Part of the chant to levitate the Pentagon, done by Fugs’s founder Ed Sanders at the October 1967 Washington, D.C. rally of 50,000 antiwar protesters

The Love Rally here on Easter Sunday was a beautiful thing. All the uptightness in everyone was gone. No need for words…people just standing together—loving each other—doing their own thing. No one could believe it was really happening. But for New York the love rally ended at sundown.

…please, please could someone, would someone, take the time to write me and tell me the right things so I won’t be afraid to come to San Francisco. Please…something concrete—a name, address—something to come to. I need direction and I think maybe I could give a lot if someone would help me…or even better, need my help. Thank you.

Letter from a young New York woman to The Oracle

If you can remember the ’60s, then you probably weren’t there.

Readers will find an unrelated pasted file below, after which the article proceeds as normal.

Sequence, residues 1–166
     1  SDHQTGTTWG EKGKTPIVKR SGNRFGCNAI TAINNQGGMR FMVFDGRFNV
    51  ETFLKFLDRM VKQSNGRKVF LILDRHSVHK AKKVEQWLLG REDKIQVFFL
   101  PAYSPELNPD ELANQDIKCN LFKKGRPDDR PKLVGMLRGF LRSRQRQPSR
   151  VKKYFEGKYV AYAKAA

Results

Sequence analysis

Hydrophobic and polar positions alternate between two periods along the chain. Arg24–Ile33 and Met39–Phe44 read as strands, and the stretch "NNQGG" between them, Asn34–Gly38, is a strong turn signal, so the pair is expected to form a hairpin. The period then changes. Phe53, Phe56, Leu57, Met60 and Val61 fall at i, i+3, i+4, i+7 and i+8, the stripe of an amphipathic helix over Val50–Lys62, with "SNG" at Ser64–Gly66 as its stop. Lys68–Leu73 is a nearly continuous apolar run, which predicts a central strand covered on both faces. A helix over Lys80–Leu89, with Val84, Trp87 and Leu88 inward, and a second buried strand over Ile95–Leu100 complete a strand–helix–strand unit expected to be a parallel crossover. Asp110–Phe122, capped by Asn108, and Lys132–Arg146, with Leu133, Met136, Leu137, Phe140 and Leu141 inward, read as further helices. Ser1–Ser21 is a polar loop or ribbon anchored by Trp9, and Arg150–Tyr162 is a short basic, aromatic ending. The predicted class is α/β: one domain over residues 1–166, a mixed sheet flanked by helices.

Comedian Robin Williams

During The Summer of Love I was living in Millbrook, N.Y., conducting systematic experiments with various psychedelic drugs, primarily acid. I think the signal event of that period was the release of the Beatles’ Sgt. Pepper’s Lonely Hearts Club Band. With that one album, it was clear that something absolutely new was happening with young people.

The legacy of that time, the ripples of what happened that summer, are still being felt all around us. Humanism, individualism, letting it all hang out…these are principles being taught in Harvard Business School today. And look at Russia. If glasnost isn’t an expression of the openness of the ’60s, I don’t know what is.

Of course, all this is just my opinion. The great thing about the ’60s was that everyone could have their own opinion.

LSD guru Timothy Leary, 60